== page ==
22nd Jan 2020

Involving children in mediation conversations

They say a picture paints a thousand words.  Well, that's never been more true for me than a mediation I did which involved a lovely nine year old girl - let's call her Debbie.  Her mum and dad had been separated quite a long time and both had new partners. Debbie's mum and dad lived in different parts of Yorkshire and, when she went from one house to another, they all met at motorway services. Except they didn't really meet. Both parents remained in their own cars at separate parts of the car park and Debbie walked between the two with her bags.


Conversations with with children

That wasn't what the parents had come to mediation to talk about but, when I got to see Debbie on her own, that's very much what she wanted to talk about.  She drew a picture which poignantly illustrated how much she hated the handover at the services.  It wasn’t using the services that was the problem – that made sense because of where everyone lived – it was how they used the services and the walk on her own between the two cars that Debbie hated.  And knowing that her parents didn’t even look at each other, let alone talk. 

With her permission, I showed them the picture and shared Debbie’s thoughts. With this, the parents saw, for the first time, that they had a problem. The good thing was it was a problem that was really easy to resolve. In a follow up mediation with the parents we talked about when Debbie was with her mum and going to her dad’s - then mum and that side of the family would be in the motorway services cafe with Debbie.  They would all wait for dad there and he would come in and collect her and vice versa.  Sometimes they might even have a cuppa together, if there was stuff about Debbie like school. that they could usefully talk about.  And that felt a whole lot more civilised and happier for Debbie.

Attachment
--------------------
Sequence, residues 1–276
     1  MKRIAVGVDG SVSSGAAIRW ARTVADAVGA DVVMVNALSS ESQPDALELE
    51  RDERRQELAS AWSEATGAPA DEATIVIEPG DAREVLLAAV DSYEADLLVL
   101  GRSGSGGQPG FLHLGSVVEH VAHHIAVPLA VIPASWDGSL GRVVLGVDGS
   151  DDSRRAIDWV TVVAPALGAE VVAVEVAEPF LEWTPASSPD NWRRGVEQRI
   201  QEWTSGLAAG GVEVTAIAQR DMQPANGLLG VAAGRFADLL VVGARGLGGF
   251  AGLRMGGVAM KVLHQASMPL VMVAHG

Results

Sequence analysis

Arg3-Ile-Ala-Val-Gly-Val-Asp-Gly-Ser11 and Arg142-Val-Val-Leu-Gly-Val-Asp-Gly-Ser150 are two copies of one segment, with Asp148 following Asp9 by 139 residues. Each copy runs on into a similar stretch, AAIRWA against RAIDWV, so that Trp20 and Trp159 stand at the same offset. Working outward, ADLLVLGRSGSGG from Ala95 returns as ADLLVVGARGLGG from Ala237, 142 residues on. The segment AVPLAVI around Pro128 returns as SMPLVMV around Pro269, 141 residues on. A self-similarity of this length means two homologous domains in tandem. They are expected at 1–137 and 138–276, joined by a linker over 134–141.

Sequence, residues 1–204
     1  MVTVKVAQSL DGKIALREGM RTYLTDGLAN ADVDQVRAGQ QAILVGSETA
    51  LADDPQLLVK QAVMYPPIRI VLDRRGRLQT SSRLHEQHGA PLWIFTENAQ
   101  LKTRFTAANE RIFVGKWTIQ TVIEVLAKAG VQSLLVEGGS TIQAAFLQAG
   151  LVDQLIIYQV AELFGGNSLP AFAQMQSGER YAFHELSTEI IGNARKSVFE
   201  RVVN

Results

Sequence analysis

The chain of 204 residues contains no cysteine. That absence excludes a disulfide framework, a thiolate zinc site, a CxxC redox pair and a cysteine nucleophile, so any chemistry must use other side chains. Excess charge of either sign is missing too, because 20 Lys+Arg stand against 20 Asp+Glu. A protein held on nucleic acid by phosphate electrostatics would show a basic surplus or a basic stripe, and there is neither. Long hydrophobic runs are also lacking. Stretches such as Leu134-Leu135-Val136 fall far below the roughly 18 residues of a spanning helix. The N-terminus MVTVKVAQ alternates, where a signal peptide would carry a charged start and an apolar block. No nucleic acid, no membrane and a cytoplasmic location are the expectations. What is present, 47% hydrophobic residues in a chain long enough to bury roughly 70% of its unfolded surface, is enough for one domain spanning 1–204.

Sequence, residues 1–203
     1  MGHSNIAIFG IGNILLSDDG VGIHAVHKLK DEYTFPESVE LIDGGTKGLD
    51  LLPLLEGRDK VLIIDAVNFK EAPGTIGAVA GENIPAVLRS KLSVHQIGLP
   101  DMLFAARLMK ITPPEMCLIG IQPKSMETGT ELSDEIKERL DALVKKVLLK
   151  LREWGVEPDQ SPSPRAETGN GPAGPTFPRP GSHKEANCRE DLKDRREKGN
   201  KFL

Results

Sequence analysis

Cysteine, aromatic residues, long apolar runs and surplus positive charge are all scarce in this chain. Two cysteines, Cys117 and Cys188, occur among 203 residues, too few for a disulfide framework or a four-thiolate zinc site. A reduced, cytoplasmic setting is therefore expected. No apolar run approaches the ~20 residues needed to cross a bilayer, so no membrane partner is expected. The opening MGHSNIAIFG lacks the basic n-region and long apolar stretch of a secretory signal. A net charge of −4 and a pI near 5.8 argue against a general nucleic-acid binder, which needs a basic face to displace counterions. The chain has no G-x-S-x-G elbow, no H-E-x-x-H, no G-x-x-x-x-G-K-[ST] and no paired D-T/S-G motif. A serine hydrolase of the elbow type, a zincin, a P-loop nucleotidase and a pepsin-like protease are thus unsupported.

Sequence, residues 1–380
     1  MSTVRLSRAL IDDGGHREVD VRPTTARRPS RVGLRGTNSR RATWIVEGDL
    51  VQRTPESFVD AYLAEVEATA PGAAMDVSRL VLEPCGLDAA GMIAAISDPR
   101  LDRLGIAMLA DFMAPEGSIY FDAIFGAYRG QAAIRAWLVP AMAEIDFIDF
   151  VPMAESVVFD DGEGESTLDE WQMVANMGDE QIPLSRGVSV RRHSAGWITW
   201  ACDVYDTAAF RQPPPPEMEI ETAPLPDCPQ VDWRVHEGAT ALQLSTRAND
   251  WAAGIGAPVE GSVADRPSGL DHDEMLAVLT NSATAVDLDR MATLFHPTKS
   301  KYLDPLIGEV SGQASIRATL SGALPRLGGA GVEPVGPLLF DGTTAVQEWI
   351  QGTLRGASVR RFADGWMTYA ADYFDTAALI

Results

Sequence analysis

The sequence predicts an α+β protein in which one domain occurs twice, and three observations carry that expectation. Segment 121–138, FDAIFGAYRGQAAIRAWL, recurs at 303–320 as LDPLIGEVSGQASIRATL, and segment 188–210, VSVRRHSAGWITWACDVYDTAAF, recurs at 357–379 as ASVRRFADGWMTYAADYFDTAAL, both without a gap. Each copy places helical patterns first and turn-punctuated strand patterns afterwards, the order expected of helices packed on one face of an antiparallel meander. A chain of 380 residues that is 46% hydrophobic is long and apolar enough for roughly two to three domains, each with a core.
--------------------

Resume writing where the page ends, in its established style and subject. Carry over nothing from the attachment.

Children involved directly in mediation isn't them making the decisions. Debbie was never asked who she wanted to live with or how much of her time to spend in each house.  But she was asked how she felt and, having been given the space to express her feelings and opinions, she shared this gem.


Working with children in mediation 

I can't claim that working with children in mediation will you always result in this blinding flash of insight inspired by the child. Sometimes the children don't say a lot. Another little girl I was working with recently told me that her parents were “doing alright” and, even if she had a magic wand like Harry Potter, there wasn't really anything that she would change about arrangements now they were separated.

Involving older children in mediation also works really well. It can be difficult for teenagers to express themselves and handle all their conflicting emotions (and hormones!) at the best of times and that becomes more amplified in separated families. They definitely have their own voice, their own needs and their own social calendars – which they really want to be heard on. I don't often get them drawing pictures like Debbie – but they are definitely happy to comment and share!!

Divorce and separation affects not just the couple but the whole family.  Mediation is a great space to talk about all of the issues that are related to that separation; including pets, school, homework, new partners - you name it, I’ve probably covered it in mediation. Talking (and drawing!) works.

Sarah Smith is an Eminent Practitioner in Family Law and has been supporting separating couples for over 20 years.

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